When you imagine a leader, it’s easy to picture a scene not unlike that famous painting of George Washington crossing the Delaware: he’s standing in the prow of his boat, the American flag streaming behind him. Washington is clearly bound for victory. Yet for those studying the art and science of leadership, success often looks very different. Sometimes, to be a leader, you have to get creative. For Ian A. Weissman, DO, and other individuals studying at the Radiology Leadership Institute® (RLI), this is a lesson learned throughout the RLI’s coursework. Weissman has become
the first to achieve the highest level of mastery that the RLI offers. Now that he’s reached the top, Weissman shares some of the more surprising leadership lessons and tactics he’s learned.
Lead From Behind
In that famous painting, Washington is literally and figuratively leading from the front. Weissman’s first tip is to dispel that image: sometimes, he says, leading your team to victory requires you to take a backseat. Weissman has found that some of the most successful initiatives and practices take a synergistic approach. To make true collaboration happen, however, everyone’s voice needs to be heard. Some of your group members may be more introverted and prone to keeping their thoughts to themselves, while others have no problem voicing their opinions.
In situations where everyone’s voices are not equally heard, notes Weissman, the leader’s role is not to be the loudest voice in the room. Rather, she should act as a facilitator, making sure everyone is heard and no one point of view dominates. “It’s got to be a team approach,” says Weissman. “If everyone follows one voice, things may go well for a while, but there’s a good chance you fail to consider other options and viewpoints. You’ll never be as successful,” he adds.
Listen to the Masses
Here’s a tip you probably never thought you’d hear: sometimes it really matters what people think. In this case, it’s your referring physicians. The RLI and Imaging 3.0™ both insist that to survive, radiology must present its value to other members of the health care team. But how do you do that? Weissman notes that sometimes you need to make sure that your referring physicians realize the underlying work you’re doing. For instance, Weissman’s time in the RLI has helped him ensure that the reports he provides are clear and actionable. Part of making those reports involves reading the patient’s chart or any other information available. Weissman includes a note saying that he’s read all patient information, and he makes references to it in his reports — that way, referring physicians know he’s working to provide value. “I actually state outright that I reviewed the chart when I make a specific interpretation. It’s the radiologist’s responsibility as a consultant to tie together all the available information. We need to remember that a referring physician faces just as many challenges as we do, and we should try to make their work easier when we can. It improves the end result for our patients, and it demonstrates our value,” says Weissman.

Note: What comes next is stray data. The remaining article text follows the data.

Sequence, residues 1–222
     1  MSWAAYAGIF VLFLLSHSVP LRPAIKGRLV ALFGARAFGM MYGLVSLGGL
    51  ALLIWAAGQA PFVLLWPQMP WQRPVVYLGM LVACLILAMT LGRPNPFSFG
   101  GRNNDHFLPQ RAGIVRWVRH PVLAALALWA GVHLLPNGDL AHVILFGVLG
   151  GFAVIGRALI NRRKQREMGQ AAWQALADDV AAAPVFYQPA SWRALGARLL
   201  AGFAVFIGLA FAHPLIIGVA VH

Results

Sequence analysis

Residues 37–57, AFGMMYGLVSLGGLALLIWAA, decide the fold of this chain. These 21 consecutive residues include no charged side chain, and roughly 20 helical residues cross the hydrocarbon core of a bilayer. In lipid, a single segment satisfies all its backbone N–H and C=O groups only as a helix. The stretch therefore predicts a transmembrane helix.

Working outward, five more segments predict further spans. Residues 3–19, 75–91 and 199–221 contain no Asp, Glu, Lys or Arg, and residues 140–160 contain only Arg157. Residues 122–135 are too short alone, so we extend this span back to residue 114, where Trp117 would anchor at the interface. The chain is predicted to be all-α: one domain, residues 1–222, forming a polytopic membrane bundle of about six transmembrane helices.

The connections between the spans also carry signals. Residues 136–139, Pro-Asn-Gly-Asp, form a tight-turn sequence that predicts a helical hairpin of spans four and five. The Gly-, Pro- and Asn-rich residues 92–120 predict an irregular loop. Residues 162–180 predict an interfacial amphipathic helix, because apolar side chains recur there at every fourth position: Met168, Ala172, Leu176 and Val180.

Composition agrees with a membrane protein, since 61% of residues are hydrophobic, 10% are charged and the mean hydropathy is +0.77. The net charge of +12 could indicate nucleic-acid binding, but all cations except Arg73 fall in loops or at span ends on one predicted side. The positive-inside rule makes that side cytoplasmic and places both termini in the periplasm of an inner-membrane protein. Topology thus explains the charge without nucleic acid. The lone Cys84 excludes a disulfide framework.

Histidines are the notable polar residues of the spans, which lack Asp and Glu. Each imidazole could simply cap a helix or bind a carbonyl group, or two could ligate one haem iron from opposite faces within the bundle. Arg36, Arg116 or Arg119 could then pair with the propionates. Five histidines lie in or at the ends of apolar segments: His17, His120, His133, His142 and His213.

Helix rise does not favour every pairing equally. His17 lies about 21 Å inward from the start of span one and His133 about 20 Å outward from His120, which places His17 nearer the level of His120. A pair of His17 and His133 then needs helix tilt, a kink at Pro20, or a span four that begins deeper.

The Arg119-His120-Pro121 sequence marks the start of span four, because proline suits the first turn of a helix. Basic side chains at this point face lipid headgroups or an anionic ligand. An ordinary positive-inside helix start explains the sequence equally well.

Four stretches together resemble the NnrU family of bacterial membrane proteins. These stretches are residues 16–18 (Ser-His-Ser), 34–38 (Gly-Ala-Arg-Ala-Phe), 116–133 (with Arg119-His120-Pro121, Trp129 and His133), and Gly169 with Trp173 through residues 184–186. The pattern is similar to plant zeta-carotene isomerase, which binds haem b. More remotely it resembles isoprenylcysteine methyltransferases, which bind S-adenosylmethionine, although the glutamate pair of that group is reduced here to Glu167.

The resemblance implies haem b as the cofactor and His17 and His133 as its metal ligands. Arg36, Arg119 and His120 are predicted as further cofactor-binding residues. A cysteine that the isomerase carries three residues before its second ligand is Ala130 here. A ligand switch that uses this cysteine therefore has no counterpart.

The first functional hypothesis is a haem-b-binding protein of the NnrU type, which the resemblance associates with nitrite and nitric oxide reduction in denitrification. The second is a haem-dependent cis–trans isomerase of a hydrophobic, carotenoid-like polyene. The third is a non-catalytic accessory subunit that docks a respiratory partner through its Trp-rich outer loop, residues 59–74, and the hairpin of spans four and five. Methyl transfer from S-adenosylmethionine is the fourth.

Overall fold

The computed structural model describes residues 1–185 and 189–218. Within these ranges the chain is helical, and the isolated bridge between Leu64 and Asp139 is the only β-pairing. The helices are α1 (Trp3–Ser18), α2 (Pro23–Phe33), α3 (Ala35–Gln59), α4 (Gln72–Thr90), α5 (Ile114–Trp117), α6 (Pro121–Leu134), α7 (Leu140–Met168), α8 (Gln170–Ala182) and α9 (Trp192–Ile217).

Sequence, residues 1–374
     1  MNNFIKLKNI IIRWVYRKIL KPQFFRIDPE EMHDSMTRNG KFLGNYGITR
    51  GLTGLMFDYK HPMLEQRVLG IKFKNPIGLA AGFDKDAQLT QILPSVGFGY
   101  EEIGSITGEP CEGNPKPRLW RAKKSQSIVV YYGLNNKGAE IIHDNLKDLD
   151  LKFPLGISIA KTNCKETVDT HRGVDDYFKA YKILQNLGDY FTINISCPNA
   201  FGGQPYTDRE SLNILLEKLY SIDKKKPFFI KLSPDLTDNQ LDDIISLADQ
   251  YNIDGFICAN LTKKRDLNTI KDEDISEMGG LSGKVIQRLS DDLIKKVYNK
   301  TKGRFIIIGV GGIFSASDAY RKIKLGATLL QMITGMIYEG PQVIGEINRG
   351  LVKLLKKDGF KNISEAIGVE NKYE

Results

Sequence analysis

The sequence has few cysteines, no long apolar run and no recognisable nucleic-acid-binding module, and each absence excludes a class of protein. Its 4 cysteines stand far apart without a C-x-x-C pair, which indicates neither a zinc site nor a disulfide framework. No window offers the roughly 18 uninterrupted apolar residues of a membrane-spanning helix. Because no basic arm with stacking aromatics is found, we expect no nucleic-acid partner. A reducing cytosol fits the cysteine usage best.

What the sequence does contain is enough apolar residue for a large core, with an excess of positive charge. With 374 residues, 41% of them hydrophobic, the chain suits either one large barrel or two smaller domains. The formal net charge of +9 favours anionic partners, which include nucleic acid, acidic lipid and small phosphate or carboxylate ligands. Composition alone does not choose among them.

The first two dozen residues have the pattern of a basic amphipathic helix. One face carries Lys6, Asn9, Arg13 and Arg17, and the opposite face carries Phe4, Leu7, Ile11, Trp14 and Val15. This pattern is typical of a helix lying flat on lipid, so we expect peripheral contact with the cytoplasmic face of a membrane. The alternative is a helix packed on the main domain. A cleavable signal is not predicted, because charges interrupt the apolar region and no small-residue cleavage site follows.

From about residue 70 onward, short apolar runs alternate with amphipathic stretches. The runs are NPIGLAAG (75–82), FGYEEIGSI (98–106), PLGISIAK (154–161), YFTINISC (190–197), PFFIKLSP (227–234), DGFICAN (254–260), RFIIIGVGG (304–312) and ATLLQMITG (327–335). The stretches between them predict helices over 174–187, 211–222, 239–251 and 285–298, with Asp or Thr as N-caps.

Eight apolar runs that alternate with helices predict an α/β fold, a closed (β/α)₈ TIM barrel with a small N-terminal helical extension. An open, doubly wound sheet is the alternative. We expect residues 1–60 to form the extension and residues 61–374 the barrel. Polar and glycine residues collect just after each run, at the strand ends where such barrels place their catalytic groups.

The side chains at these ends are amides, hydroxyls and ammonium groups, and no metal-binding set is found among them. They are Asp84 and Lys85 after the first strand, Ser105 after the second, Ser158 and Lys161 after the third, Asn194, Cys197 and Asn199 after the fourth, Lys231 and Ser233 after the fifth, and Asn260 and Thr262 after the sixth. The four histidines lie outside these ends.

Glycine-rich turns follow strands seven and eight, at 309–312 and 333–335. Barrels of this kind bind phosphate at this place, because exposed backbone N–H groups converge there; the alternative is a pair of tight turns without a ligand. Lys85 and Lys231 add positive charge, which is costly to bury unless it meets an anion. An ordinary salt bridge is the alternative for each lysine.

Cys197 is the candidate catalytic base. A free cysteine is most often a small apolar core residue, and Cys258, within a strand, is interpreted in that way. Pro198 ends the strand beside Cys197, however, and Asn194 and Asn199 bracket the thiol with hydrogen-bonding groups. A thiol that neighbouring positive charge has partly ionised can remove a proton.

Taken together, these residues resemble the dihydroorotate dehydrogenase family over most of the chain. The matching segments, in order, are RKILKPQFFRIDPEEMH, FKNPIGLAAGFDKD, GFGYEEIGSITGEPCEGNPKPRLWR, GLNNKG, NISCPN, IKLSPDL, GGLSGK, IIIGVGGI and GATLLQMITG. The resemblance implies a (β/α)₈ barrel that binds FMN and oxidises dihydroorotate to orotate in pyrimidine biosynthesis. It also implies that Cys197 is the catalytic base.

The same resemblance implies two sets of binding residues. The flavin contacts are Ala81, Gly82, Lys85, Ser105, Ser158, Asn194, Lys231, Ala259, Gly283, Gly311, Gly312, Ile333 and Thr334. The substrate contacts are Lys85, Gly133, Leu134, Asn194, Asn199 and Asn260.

Play the Long Game
Change doesn’t always come easily. It’s a tough lesson, but one that most RLI attendees face, says Weissman. “Organizations can be very slow to change, and sometimes it’s hard to circumvent the status quo. You have all these great ideas, and people aren’t always receptive to them,” he adds. One way to combat this is to go for the little victories. Bring up ideas you find interesting as often as you can; eventually, some will take hold. Another way Weissman shares principles he’s learned is through his residents. Physicians in training are still forming their habits and are often more receptive to new ideas, says Weissman. And, whoever they are, when an idea strikes a chord with someone, they may share with their peers, who in turn share with others. By creating change through a kind of grassroots method, you can disseminate good information and slowly change minds.